By Jeremy Los
April 3, 2011- President Obama’s decision to intervene in the Libya crisis has divided both Democratic and Republican political parties, with support and opposition on both sides of the political aisle.
President Obama found a surprising supporter in East County’s Republican Representative Duncan D. Hunter. Hunter was one of the few Republican leaders to come out and support the President’s decision to unleash air attacks on Libyan forces. Hunter, a former Marine captain who served in Iraq and Afghanistan, sits on the House Armed Services Committee.
"I agree with the president. I agree with what he's done so far in his use of force. I agree with his timing. I agree on the fact that he went in with a coalition," Hunter told The Hill in interview on March 28.
This support is a stark contrast to many Republican sentiments toward the President and his decision. Possible GOP Presidential candidate and former Speaker of the House Newt Gingrich has made it a mission to disagree with the President’s decision, if it means flip-flopping on beliefs.
According to CNN, Gingrich was asking for a no-fly zone to be put on Libya as early as March 7 saying, “exercise a no-fly zone this evening." His tone took a significant change following Obama’s decision to become involved in the Libyan crisis stating six days later, “I think that two wars in Iraq and Afghanistan is a lot…I would not have intervened. I think there are a lot of other ways to affect Gadhafi."
The decision to get involved in the Libyan conflict has created mixed emotions on Capital Hill. Partisan politics seemed to have been thrown out the window, creating a rare occasion where some GOP legislators have backed a decision of President Obama.
On the Democratic side of the aisle, many liberal legislators backed the President’s decision to intervene in the Libyan crisis.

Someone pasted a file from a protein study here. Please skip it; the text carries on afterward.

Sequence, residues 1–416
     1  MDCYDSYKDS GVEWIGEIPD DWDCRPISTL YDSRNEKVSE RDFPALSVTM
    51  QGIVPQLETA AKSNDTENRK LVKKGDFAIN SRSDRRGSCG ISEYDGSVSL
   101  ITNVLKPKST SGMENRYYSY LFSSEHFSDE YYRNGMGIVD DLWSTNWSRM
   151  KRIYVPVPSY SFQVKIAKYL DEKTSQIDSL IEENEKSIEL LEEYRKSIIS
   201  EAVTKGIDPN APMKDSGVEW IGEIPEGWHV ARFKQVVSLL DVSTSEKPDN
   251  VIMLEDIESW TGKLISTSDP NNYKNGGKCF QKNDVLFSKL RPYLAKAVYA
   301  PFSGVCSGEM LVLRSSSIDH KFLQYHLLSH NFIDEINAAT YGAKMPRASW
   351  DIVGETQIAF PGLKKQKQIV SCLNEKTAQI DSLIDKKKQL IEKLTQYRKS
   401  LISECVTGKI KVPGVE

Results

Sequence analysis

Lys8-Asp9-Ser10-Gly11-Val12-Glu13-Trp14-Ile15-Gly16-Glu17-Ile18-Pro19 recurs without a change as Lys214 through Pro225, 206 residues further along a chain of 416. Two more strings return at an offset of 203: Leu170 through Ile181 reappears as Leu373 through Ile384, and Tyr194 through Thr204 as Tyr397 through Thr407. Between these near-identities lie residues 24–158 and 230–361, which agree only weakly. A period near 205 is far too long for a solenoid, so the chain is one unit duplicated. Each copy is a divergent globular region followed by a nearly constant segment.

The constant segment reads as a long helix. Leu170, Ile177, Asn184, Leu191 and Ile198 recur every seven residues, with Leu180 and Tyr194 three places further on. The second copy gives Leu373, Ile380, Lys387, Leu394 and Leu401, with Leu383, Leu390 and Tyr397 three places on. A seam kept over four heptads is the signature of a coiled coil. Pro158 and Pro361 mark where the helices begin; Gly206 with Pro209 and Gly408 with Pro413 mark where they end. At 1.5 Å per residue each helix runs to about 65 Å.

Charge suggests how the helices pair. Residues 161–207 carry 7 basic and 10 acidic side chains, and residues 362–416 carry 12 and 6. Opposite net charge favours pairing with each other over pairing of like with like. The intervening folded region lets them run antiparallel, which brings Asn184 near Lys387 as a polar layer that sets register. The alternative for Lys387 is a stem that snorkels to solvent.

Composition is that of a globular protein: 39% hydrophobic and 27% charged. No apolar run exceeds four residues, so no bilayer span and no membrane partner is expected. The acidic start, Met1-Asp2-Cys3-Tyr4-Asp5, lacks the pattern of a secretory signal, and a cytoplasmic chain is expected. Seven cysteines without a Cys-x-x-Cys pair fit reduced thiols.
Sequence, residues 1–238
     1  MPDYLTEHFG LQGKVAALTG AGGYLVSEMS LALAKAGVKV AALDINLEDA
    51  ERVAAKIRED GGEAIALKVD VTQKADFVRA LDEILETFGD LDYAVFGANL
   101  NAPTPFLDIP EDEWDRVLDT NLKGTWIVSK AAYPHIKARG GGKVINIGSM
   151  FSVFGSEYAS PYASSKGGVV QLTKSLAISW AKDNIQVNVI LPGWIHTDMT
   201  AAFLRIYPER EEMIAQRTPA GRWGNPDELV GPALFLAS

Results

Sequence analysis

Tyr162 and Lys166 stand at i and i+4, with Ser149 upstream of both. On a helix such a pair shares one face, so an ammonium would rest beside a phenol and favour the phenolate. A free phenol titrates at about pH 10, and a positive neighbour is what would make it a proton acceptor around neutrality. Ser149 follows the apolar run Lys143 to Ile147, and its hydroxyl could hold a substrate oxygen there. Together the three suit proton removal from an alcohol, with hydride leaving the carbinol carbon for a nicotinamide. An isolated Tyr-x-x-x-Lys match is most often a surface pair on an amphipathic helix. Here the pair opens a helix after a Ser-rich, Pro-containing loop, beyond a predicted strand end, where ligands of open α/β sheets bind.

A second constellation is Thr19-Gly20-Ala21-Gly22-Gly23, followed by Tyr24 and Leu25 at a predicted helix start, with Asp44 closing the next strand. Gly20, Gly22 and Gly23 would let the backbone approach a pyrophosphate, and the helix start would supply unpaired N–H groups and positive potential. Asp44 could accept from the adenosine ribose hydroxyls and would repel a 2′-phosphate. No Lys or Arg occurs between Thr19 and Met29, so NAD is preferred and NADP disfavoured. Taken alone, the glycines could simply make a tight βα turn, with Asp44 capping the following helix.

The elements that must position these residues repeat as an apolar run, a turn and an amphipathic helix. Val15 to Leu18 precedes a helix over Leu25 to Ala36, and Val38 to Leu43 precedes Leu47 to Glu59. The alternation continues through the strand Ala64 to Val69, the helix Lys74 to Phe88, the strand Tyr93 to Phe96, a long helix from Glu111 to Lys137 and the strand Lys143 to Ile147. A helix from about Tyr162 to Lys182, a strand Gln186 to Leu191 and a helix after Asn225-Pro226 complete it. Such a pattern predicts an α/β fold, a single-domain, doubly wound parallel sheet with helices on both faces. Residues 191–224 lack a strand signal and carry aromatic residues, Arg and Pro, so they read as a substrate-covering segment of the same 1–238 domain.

California Senator Barbara Boxer stated the importance of the United States involvement in Libya. “It was critical for the international community to take action to prevent the mass slaughter of innocent men, women and children by Moammar Gaddafi’s forces," Boxer said.
Not all Democrats backed the decision, however. Democratic Congressman Dennis Kucinich of Ohio has come out criticizing the President’s “rash” decision to get involved in the conflict.
“The President had time to consult with the international community, but had no time to come to the United States Congress? There is no question that the Administration should have followed the Constitution and received the approval of Congress before starting a war. Consulting with a few members is not the same thing as following the Constitutional requirements of Article 1, Section 8,” said Kucinich in an open letter to fellow members of Congress.
Nationally, some activist groups such as the United National Antiwar Committee have also come out vehemently opposed to the United States military and economic intervention in Libya. The UNAC has asked for an immediate halt to U.S. intervention in areas where civil uprising is taking place and notes that the U.S. has supported and armed dictatorships in the past who committed human rights abuses against civilians , contributing to the problems in the region.
Rick Greenblatt with San Diego Diego Coalition for Peace & Justice (SDCPJ) believes that the U.S. military intervention "has nothing to do with saving lives – it has everything to do with maintaining control of the Middle East in the face of a popular revolutionary wave in the Arab world." Greenblatt added, "'Humanitarian intervention' is a codeword for the new colonialism. We have seen this in Somalia, in Kosovo, in Iraq, in Afghanistan, in Haiti, and now in Libya.”
While acknowledging that Gaddafi is a brutal dictator, he feels that overthrowing Gaddafi must be left up to the Libyan people. Greenblatt added that the public is invited to a "teach-in" sponsored by SDCPJ titled "Revolution in the Arab World--Past, Present and Future" on April 9 at 4 p.m. at Thomas Jefferson School of Law, 1155 Island Avenue in downtown San Diego.
This crisis is far from over. NATO has taken over leadership of the coalition forces following the U.S.-led bombings that largely destroyed Gadhafi’s air force. But in recent days, Gadhafi loyalist forces have beaten back gains made by rebel forces. As the Libyan people continue to struggle for freedom , more pressure is bound to be put on the international coalition aiding the rebels.